Wandsworth Pasties

Before I have all of Cornwall trolling me, I do not in any way think that a Wandsworth Pasty is superior – or even equal – to its Cornish cousin.  In fact, that is exactly why I have chosen the name.  Not because I’ve used pollution or grass from the common as a filling, just because I wanted to be upfront about its inferiority.

Care for a spot of pig paste with your pig pasty?

Care for a spot of pig paste with your pig pasty?

Anyway.  I decided that pasties were a good option in general as they would make a tasty lunch and don’t really require any specialist equipment (e.g. a pie dish).  Filling wise, I thought it would be easiest to do something that doesn’t require a lot of cooking, so this BBC GoodFood Ham, Pea & Mint Pasty recipe seemed ideal.  My brother and his fiancee were coming over for lunch; I was thrilled that I would be able to subject them to my pasty-experimentation.

How it was to make: 

Pastry plaster visible - bottom left.

Pastry plaster visible – bottom left.

  • Making pastry.  Not so easy.  It turns out that the amount of effort you need to put in to a one-handed activity (e.g. mixing) is a LOT less than a two-handed one (e.g. rubbing together flour and butter).  I was pooped.
  • Rolling pastry.  Hellish.  Not helped by lack of rolling pin leading to wine bottle substitute.  You’ll notice my hands suddenly change.  Yes, my boyfriend had to roll all four of them out in the end.
  • Fashioning pastry into pasties.  Aaaarrrggghhhh!!!  How do people make it look so easy?  I had a vision of elegant twisted tops, but in reality I could only produce slightly soggy, bodged ones.  One of them even split all the way down the side and I had to perform an emergency surgery using some new pastry and a lot of egg wash.

How it came out: 

Leeky pasty filling

Leeky pasty filling

  • The pasties were only a good golden colour in patches – I think I needed to be more thorough with my egg washing.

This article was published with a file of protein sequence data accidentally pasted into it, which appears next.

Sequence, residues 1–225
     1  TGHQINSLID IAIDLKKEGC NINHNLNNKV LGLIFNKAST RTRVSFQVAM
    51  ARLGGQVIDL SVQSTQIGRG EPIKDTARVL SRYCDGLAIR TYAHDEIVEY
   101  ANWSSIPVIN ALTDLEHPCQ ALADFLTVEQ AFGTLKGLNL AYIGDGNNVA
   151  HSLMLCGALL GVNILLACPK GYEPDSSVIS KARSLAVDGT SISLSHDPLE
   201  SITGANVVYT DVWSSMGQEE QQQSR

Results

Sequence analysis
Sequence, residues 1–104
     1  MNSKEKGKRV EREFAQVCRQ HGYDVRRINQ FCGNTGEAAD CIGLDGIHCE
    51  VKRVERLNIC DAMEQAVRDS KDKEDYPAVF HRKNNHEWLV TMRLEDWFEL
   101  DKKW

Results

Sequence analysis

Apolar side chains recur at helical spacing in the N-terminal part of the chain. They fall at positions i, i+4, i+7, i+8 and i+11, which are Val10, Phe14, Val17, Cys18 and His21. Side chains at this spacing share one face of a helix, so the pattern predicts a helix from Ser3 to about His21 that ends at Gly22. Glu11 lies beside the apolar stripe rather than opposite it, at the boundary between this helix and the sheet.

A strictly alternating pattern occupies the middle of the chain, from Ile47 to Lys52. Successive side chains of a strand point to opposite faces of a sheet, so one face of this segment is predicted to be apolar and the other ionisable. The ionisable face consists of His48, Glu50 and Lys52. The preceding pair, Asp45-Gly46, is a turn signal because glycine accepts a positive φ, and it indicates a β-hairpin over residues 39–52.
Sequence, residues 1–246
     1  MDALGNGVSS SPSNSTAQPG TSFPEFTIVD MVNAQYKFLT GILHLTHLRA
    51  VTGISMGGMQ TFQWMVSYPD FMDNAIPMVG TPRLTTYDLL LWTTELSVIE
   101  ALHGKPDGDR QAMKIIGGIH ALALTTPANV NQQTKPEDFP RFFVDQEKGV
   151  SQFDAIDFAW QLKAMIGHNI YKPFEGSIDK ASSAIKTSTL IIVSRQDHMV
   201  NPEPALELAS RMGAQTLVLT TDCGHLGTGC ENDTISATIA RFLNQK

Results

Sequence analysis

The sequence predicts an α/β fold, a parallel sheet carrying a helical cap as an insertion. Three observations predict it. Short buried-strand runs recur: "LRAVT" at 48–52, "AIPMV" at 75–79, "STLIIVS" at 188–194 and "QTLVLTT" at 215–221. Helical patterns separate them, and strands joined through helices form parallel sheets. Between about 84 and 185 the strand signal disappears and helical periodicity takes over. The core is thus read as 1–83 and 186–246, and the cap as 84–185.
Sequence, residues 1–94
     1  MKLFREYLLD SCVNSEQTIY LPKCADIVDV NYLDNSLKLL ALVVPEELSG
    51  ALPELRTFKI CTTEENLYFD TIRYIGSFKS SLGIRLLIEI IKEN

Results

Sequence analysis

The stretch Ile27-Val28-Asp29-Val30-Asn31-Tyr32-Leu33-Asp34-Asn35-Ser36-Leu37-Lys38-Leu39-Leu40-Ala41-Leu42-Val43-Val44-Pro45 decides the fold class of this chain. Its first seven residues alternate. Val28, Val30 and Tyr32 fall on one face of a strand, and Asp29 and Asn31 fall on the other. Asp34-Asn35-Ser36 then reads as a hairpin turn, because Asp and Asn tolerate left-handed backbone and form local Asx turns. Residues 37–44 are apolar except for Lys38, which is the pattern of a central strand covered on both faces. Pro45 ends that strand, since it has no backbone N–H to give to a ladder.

• The filling was really delicious.  I had swapped the onion in the recipe for leek which went beautifully with the other ingredients.
  • Actually the pastry was pretty good too – not too thick, and nice and short.  Does short mean crumbly?  It was crumbly.  In a good way.
  • Our guests brought the jar of Bacon Jam with them and it went PERFECTLY!  A very good lubricant for any excess pastry, so as to avoid any pesky bits getting stuck in the gullet.

Personal Progress: 

Pastry Guts

Pastry Guts

  • Baking lessons learnt:
    • Pastry is really hard to roll out if you leave it in the fridge overnight and then don’t let it warm up a little bit.
    • There’s a reason that rolling pins were invented.   A wine bottle doesn’t really cut it.
    • Don’t be shy with egg wash.
  • Physical progress:
    • Pastry is not quite at my level yet.  I think I will come back to it in a couple of weeks.
    • I have noticed, though, that I am now up to two activities a day quite consistently.  So I can bake something AND hold a conversation with another person over a cuppa in the same day.  Dreamy.

If you want to have a go:

BBC GoodFood Ham, Pea & Mint Pasty

This bake, I have been mostly listening to:

We’re Alright – Tyger

Tyger has very kindly offered this song, his debut single, for me to use on a baking video.  Hope he likes it…  Love his voice and the upbeat tune – anything to do with smiling is fine by me!  Perhaps he might like one of these pasties to keep him going on his tour.

You can buy the single here.

Caroline Crimson x

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